How Safe Is It to Travel With Unvaccinated Children?

As of March 2022, kids under 5 weren't able to get any COVID-19 vaccine in the US—here's what that means for your travel plans.

When the COVID-19 risk in your community and your dream destination is lowered, it's understandable that you'd want to travel—so long as you're following the Centers for Disease Control and Prevention (CDC) travel guidelines.

But, as of March 2022, children under the age of 5 weren't eligible to receive the COVID-19 vaccine in the US, making them more vulnerable than others to getting the virus. That should absolutely factor into your vacation plan-making.

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And it raises important questions, including whether traveling with an unvaccinated child is safe. Here's what pediatricians and infectious disease experts had to say.

Is It Safe To Travel With an Unvaccinated Child?

A lot of it comes down to personal risk tolerance, Mark Hicar, MD, PhD, associate professor of infectious disease at the University at Buffalo in New York, told Health. "The amount of risk one tolerates on a day-to-day basis varies by person, so something that one considers 'safe,' others may think is risky," pointed out Dr. Hicar.

Still, there are some other factors to consider. "If the location you are planning to travel is experiencing high rates, I would consider canceling the trip or making sure the location you are staying in, and the people you will interact with have been practicing social distancing and optimal safety measures," said Dr. Hicar.

COVID-19 research is your friend here if you're planning on vacationing with unvaccinated children. In the US, the CDC maintains a tool to determine COVID-19 levels by county. "I strongly recommend doing extensive research on what is going on locally with COVID-19," Rosemary Olivero, MD, pediatric infectious disease physician at Helen DeVos Children's Hospital in Grand Rapids, Michigan, told Health. "I generally would not recommend this unless you have a healthy family with plenty of flexibility—both in terms of finances and time—regarding your trip, as this could get derailed should someone in your family test positive for COVID-19."

According to Dr. Hicar, the type of vacation you're planning on taking matters, too. "There are big differences in taking a vacation to a city where you are going to museums, ballgames, and visiting amusement parks, and going on a family camping or hiking vacation, or going to visit and solely spending time with extended family," pointed out Dr. Hicar.

Robert Hamilton, MD, a pediatrician at Providence Saint John's Health Center in Santa Monica, California, and host of the podcast The Hamilton Review: Where Kids and Culture Collide, told Health that it's largely OK to travel with unvaccinated kids—if the proper precautions are followed.

However, note that any unvaccinated person poses a transmission risk to older, ill, or otherwise immunocompromised people. This, of course, includes unvaccinated kids.

If You Do Choose To Travel, What Are Your Safest Options?

In general, experts recommend traveling by car, when possible. "A road trip is safer," Richard Watkins, MD, an infectious disease physician and professor of internal medicine at the Northeast Ohio Medical University, told Health. Dr. Hamilton agreed. "It's like traveling in your living room," said Dr. Hamilton.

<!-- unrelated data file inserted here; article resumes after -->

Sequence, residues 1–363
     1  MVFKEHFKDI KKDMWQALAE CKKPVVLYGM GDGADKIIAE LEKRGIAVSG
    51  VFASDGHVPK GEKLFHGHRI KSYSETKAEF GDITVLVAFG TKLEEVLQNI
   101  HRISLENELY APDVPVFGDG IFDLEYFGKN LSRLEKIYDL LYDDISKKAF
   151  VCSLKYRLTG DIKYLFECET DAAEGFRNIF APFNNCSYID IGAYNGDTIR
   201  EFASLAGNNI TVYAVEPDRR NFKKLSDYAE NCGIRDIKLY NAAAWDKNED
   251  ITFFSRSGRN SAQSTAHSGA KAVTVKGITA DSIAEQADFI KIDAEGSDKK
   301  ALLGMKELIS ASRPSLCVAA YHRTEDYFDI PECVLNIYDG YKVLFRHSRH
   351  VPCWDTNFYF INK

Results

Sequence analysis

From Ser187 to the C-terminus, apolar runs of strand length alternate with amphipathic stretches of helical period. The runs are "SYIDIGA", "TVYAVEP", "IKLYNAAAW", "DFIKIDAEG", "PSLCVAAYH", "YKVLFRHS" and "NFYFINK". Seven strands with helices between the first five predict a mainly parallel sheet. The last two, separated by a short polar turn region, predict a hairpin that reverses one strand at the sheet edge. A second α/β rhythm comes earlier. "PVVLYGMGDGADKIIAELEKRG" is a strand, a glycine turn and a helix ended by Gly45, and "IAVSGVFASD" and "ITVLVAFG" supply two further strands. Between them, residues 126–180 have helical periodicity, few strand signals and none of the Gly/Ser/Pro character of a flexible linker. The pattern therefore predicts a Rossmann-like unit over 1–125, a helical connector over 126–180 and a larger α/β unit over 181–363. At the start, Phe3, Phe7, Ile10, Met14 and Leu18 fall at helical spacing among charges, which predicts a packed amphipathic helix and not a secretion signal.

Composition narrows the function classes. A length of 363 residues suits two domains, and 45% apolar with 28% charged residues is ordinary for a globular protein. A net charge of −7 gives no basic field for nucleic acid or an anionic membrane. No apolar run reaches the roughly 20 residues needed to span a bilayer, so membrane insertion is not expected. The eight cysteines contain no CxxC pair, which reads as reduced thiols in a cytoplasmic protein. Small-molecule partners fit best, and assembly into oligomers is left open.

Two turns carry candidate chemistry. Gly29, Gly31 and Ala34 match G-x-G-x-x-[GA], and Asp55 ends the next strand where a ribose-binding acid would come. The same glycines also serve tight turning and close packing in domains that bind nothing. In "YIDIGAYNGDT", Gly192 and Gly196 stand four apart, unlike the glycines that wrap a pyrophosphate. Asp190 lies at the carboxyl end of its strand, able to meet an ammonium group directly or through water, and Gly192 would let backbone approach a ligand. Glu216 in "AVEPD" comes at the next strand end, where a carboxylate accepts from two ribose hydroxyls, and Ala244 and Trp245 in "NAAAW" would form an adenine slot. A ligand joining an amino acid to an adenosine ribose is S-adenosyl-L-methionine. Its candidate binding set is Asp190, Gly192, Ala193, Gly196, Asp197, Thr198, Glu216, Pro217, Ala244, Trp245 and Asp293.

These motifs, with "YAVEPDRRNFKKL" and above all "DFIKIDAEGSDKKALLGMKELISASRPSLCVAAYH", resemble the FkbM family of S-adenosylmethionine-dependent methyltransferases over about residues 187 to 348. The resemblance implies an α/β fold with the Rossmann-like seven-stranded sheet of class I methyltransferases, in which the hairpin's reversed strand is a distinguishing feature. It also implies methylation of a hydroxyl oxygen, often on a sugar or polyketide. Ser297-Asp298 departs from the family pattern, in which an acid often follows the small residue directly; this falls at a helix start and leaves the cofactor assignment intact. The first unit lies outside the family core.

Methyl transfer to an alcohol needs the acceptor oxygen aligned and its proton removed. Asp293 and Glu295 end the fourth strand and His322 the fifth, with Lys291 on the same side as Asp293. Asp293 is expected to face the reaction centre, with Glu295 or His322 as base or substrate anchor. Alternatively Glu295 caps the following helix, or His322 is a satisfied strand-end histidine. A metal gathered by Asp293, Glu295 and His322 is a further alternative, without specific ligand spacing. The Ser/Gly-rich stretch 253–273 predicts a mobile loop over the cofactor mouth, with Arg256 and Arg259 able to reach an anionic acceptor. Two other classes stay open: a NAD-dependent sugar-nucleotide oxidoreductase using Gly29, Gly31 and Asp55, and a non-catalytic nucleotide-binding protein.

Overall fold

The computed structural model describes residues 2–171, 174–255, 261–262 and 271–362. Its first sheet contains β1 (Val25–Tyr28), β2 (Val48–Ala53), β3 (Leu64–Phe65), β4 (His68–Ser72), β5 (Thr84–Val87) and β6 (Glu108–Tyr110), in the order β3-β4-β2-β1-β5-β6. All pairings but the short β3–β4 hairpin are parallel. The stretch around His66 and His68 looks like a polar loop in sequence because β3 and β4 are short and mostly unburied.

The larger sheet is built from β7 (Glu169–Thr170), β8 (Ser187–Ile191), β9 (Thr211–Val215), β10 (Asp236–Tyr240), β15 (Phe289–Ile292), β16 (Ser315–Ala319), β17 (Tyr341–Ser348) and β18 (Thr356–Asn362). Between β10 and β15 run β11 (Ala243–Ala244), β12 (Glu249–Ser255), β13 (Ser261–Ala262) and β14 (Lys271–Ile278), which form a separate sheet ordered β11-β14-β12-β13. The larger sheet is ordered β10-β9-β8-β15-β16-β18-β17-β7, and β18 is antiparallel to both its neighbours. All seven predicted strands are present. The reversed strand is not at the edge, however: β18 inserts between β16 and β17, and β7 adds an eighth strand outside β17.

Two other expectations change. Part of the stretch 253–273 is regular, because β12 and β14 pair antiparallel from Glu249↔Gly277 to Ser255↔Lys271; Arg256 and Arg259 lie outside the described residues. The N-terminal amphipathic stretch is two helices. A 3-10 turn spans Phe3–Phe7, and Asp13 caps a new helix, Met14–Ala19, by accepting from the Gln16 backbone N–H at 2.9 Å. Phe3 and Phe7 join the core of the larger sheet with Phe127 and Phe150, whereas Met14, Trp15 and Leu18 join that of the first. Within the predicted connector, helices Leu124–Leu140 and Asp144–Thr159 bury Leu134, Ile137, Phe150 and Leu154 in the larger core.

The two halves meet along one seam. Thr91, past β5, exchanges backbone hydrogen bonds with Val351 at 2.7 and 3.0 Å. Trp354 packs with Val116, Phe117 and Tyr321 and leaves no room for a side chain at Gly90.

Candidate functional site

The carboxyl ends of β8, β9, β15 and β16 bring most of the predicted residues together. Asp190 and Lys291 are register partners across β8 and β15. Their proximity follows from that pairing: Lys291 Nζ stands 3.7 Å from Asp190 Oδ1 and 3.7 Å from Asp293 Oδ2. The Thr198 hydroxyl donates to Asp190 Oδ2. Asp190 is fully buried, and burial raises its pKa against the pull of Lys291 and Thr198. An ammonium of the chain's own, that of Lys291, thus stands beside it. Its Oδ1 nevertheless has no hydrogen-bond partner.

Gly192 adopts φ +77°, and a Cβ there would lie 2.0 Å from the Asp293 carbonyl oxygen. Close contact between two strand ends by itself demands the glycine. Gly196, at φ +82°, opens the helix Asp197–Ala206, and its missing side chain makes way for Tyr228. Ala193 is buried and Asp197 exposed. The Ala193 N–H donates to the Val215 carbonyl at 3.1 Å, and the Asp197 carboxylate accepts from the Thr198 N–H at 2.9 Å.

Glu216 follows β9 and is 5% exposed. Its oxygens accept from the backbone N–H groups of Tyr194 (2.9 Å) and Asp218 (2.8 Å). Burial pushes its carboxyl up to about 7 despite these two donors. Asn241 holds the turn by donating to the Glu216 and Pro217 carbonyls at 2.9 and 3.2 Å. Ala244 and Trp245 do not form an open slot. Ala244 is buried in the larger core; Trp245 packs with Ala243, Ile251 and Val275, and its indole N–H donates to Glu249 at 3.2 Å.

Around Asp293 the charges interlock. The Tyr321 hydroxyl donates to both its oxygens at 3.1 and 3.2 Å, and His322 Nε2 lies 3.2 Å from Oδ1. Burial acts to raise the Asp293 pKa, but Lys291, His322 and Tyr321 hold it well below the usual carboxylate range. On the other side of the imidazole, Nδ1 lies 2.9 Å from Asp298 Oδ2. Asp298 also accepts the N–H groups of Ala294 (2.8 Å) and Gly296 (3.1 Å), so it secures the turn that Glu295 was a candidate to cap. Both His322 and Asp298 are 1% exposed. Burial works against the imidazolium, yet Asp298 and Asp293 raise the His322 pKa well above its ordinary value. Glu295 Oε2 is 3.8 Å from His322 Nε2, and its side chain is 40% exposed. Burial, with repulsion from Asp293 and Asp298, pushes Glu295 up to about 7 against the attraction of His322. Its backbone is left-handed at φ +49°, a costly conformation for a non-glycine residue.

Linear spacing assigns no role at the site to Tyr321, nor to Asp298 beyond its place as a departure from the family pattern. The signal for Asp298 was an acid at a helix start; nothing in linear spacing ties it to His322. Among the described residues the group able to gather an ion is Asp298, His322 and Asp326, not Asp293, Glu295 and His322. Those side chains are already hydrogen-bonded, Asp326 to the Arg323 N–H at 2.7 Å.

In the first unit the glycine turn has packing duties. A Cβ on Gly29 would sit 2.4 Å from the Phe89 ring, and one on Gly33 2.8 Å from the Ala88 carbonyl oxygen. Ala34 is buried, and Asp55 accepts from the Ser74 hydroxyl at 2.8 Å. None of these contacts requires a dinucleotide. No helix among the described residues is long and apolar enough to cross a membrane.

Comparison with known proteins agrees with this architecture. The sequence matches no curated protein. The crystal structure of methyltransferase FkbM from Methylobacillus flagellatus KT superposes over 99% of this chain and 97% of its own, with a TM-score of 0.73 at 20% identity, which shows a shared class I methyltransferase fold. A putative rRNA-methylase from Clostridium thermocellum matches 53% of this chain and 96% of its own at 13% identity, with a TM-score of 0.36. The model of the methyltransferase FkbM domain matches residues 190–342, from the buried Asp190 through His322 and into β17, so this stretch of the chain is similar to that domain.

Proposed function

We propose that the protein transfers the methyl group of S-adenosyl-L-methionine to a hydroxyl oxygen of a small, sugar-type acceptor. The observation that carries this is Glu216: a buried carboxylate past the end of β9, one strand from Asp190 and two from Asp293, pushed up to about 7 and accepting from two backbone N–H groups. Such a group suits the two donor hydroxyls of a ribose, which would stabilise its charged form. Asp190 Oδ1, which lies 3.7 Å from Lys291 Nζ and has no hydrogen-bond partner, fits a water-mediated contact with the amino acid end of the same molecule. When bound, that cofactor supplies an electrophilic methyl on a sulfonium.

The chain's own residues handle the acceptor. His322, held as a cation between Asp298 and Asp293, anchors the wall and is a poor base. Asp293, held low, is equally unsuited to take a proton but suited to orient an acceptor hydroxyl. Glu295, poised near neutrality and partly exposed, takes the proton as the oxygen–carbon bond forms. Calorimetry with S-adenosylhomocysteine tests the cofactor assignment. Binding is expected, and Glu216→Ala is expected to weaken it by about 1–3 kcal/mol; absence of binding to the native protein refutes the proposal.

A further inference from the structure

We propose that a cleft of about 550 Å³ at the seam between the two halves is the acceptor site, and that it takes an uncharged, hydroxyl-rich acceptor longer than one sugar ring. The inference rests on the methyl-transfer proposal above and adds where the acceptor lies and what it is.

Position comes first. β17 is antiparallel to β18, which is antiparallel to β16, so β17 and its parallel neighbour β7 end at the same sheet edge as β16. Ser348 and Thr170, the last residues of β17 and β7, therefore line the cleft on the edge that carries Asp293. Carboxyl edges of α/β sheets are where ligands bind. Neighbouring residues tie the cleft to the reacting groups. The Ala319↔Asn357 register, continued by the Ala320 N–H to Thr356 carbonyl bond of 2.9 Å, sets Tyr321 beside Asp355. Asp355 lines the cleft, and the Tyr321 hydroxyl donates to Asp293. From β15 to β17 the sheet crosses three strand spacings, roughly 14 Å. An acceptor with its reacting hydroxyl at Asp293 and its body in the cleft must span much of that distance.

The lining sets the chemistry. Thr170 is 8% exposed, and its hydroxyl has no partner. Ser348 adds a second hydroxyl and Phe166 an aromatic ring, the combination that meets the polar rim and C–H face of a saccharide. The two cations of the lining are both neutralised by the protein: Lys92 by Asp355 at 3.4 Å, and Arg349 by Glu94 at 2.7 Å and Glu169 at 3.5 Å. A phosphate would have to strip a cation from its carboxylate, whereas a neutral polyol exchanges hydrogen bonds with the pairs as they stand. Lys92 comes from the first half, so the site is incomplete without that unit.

But driving isn't always the best option. "If you are going to drive through 'hotspots' of spreading [the] virus, it may be better to fly," said Dr. Hicar. "Choosing a driving vacation that necessitates hotel stays and a large number of stops adds measurable risk as well."

Flying can be OK, said Dr. Hamilton—you just need to make sure that you and your children are following the right precautions. "Flying on a plane presents challenges," said Dr. Hamilton, "but airlines are doing a wonderful job of keeping people healthy. They are not the focal point of super spreader events."

If you choose to fly, Dr. Hicar recommended trying to get a direct flight to "cut down on extra crowd exposure."

And of course, that's only for domestic travel within the US—international travel will have its own set of complications and issues. "International travel will be much more complex with unvaccinated persons," said Dr. Olivero.

If for some reason you do have to travel internationally with unvaccinated children, know this: Things will be "wildly different" outside of the US, depending on where you go, said Dr. Olivero. "From a very general view, traveling internationally with unvaccinated persons means potential quarantines, frequent testing before boarding flights, and subjecting yourself to highly contagious variants," said Dr. Olivero.

If you're traveling by air and are 2 years of age or older, as of April 2022, the CDC required proof of a negative COVID-19 test no more than one day before you enter the US. If you'd recently recovered from COVID-19, documentation of recovery would be required. The CDC provided a helpful guide to international travel for nationals of all countries.

If someone in your party does test positive, the quality of care at local health care facilities may vary. If the appropriate medical care is not available at your local facility, the CDC published guidelines for air evacuations of COVID-19 patients. But note it's not an easy trip to arrange. And, without emergency medical evacuation insurance, depending on where you're flying from, emergency medical transportation back into the US could cost you over $100,000.

Overall, experts said it's OK to travel with unvaccinated kids—you just need to be on high alert. "It's certainly reasonable to travel," said Dr. Hamilton. "You just need to follow the right precautions."

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